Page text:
Books

Why you should read a book before bedtime if you’re feeling stressed

Posted by
Miriam Balanescu
Published

A new book aims to help adults rediscover the joy of bedtime stories. But why are they such a good way to end the day? 

Many of us couldn’t wait to listen to bedtime stories when we were little. Whether it was The Tiger Who Came to Tea or The BFG, we were taught as kids to doze off to a book. So why is it that as adults, many of us prefer to scroll through our phones instead of reading before bed?

There are always more photos to like and more emails to respond to. But this compulsion to scour our screens isn’t good for our stress levels, especially not right before we switch off for sleep. Blue light of the kind produced by phones, tablets and computers increases the release of cortisol – nicknamed “the stress hormone” – in the brain, making us more alert. It also inhibits the production of melatonin, a hormone that makes sleep feel more inviting. 

Given these well-known negative side-effects, perhaps it’s time we put our phones down and rediscovered the wonders of the bedtime story.

A forthcoming book, Bedtime Stories for Stressed Out Adults (out 18 October, Hodder & Stoughton), seeks to provide alternative reading to WhatsApp messages and Instagram captions. A collection of dreamy short stories by writers such as Edith Wharton, Katherine Mansfield and Oscar Wilde, it is introduced by Stylist columnist Lucy Mangan

She describes it as an attempt to recreate the “lost joys” of childhood reading “for stressed out adults, driven mad by the demands of home, family, work and the hopeless porous boundary between all three”.

But why is reading before bed such a good idea? We delved into the research to find reasons why you should swap your phone for a paperback this evening. 

1) It really does make us less stressed

Reading can dramatically reduce stress levels, according to a study by the University of Sussex. As we lose ourselves in a book, our heart rate slows down and tension in our muscles decreases, helping us shake off the stress that we’ve accumulated throughout the working day. Reading for as little as six minutes can reduce stress by as much as 68%, the study’s findings show.

Neuropsychologist Dr David Lewis, who oversaw the study, believes that this is because immersing yourself in a book is an effective way of distracting the mind from potentially stressful tasks. What’s more, the escapism and imagination required in reading engages your mind in ways that prepare you for sleep.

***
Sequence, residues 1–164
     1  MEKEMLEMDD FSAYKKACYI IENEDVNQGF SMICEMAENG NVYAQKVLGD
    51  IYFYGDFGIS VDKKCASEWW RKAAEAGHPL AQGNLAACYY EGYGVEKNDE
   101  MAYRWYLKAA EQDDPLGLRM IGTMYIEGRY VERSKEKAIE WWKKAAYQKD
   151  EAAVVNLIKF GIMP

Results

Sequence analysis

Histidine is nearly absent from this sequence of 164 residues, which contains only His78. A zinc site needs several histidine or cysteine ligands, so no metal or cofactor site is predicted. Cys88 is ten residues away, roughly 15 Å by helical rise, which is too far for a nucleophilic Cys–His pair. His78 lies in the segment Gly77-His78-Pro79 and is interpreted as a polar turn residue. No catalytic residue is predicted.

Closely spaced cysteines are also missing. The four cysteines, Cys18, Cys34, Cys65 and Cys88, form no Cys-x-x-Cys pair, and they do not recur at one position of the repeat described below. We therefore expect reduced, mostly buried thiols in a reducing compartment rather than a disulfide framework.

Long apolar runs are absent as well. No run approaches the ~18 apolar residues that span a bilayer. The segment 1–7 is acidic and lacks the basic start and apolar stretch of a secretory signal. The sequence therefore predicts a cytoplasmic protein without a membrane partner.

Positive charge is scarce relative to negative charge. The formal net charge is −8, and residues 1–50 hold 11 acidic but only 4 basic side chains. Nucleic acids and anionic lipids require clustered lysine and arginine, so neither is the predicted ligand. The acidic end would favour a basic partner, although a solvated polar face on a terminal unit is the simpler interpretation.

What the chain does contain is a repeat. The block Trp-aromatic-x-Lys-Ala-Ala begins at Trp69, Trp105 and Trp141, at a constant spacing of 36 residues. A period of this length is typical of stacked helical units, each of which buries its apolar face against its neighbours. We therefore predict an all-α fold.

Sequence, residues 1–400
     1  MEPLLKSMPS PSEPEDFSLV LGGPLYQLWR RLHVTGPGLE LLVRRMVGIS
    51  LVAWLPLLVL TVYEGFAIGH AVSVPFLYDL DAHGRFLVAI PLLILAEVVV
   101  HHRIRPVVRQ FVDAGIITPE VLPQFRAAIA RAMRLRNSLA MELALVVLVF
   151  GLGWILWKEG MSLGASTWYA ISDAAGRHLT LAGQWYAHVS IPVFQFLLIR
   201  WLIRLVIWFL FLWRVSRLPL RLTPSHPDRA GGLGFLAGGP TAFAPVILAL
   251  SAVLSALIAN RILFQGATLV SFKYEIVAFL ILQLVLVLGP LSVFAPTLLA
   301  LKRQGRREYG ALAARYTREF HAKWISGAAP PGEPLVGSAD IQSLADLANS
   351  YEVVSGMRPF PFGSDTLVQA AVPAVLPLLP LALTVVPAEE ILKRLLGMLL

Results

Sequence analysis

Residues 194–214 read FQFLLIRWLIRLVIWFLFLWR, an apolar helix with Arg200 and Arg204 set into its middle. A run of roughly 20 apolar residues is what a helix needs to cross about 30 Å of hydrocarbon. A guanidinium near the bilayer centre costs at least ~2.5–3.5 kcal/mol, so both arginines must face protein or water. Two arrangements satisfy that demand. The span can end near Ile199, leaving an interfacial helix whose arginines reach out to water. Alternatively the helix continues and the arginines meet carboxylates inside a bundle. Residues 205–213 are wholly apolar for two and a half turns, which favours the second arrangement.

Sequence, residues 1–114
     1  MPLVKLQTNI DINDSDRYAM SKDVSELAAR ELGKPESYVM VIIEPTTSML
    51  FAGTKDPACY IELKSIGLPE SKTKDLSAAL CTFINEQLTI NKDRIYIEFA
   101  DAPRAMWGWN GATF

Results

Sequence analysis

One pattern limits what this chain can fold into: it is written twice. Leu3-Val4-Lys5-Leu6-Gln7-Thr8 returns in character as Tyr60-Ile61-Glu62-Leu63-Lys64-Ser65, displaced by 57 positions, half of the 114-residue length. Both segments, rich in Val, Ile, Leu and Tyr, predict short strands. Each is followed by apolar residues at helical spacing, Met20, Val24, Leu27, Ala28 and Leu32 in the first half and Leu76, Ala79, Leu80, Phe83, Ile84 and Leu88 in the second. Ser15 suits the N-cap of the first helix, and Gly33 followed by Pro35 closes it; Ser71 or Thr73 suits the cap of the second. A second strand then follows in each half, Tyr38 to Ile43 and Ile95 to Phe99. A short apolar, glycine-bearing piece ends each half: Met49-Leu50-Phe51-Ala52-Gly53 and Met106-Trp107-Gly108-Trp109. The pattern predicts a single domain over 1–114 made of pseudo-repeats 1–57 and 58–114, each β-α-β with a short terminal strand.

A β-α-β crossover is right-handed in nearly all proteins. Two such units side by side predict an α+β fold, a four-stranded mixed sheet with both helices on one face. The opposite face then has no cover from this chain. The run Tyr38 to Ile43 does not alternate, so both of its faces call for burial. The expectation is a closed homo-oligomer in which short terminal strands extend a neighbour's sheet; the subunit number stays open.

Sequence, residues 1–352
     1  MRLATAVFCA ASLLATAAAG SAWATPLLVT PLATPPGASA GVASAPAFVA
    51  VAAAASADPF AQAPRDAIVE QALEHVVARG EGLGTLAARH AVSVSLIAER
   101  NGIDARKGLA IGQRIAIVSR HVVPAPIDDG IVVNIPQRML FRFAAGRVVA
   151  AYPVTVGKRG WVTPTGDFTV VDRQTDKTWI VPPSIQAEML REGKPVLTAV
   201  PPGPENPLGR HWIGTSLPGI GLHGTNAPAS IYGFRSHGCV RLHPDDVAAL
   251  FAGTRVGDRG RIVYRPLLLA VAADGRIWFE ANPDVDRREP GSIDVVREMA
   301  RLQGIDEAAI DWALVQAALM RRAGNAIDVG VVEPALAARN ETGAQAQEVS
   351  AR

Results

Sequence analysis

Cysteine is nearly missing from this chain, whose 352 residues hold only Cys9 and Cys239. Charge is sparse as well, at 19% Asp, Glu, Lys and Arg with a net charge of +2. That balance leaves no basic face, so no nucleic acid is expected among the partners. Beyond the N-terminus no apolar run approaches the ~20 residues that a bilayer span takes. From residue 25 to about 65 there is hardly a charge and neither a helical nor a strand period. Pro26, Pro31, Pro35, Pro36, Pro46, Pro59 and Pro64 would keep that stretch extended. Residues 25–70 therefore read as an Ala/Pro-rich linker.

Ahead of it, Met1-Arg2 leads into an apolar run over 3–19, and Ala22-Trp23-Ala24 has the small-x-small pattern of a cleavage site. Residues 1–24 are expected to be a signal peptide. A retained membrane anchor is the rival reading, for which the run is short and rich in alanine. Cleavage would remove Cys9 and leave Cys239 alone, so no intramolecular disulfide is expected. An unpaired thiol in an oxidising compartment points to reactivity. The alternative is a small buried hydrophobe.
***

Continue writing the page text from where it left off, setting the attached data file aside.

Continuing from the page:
2) It’s good for our mental wellbeing – and our relationships 

Reading not only has surprising mental health benefits, but it can enrich our everyday relationships by making us more confident and empathetic. One survey of over 4,000 people from a representative sample in the UK revealed that people who read regularly for pleasure reported fewer feelings of stress and depression than non-readers, and also had higher levels of self-esteem and a greater ability to cope with difficult situations. Other studies have found that reading for pleasure increases empathy across cultures.

Later in life, a love of fiction may even reduce the risk of dementia. Two large-scale studies carried out in the US have shown that diving into novels, over and above reading newspapers and magazines, is associated with a lower subsequent risk of developing the illness. 

3) Reading on paper makes us feel more connected to a story

If you enjoy reading before bed but generally use an e-reader, consider this. Naomi Baron, linguistics professor at the American University, surveyed over 400 students from the US, Japan, Slovakia and Germany over the course of three years.

She found that 92% of them found it easier to concentrate when reading from a paper printout as opposed to smartphones, laptops, e-readers and desktops. Physical copies of texts also made the students feel more connected to what they were reading, telling Baron they could “see” and “feel” where they were in the text.

Other research has shown that people are more likely to remember details of a plot when reading it on paper instead of on a screen – suggesting that physical books are the way to go if you want a story to really stick with you.

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